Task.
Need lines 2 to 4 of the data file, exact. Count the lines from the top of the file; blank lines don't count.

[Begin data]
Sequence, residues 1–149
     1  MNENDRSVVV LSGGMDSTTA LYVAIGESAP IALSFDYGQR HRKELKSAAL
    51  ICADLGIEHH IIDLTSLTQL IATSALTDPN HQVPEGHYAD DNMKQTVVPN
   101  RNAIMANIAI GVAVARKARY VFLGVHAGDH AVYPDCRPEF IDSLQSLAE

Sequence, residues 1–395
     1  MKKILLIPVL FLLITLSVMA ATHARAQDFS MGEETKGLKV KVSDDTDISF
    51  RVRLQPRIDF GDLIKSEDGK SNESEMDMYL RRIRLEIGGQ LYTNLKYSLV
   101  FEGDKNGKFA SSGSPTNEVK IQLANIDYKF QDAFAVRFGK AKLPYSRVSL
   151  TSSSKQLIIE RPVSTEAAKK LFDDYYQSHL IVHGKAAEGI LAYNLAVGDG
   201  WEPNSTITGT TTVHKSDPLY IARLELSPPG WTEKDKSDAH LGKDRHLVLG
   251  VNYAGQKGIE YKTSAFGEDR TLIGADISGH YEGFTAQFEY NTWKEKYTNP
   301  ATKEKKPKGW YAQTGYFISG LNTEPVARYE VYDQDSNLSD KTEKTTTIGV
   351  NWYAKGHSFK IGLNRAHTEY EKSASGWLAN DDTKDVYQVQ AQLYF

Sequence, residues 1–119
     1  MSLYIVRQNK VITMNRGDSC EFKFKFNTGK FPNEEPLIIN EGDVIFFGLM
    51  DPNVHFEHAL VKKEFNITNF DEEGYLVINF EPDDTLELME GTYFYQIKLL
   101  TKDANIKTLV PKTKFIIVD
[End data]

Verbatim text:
     1  MNENDRSVVV LSGGMDSTTA LYVAIGESAP IALSFDYGQR HRKELKSAAL
    51  ICADLGIEHH IIDLTSLTQL IATSALTDPN HQVPEGHYAD DNMKQTVVPN
   101  RNAIMANIAI GVAVARKARY VFLGVHAGDH AVYPDCRPEF IDSLQSLAE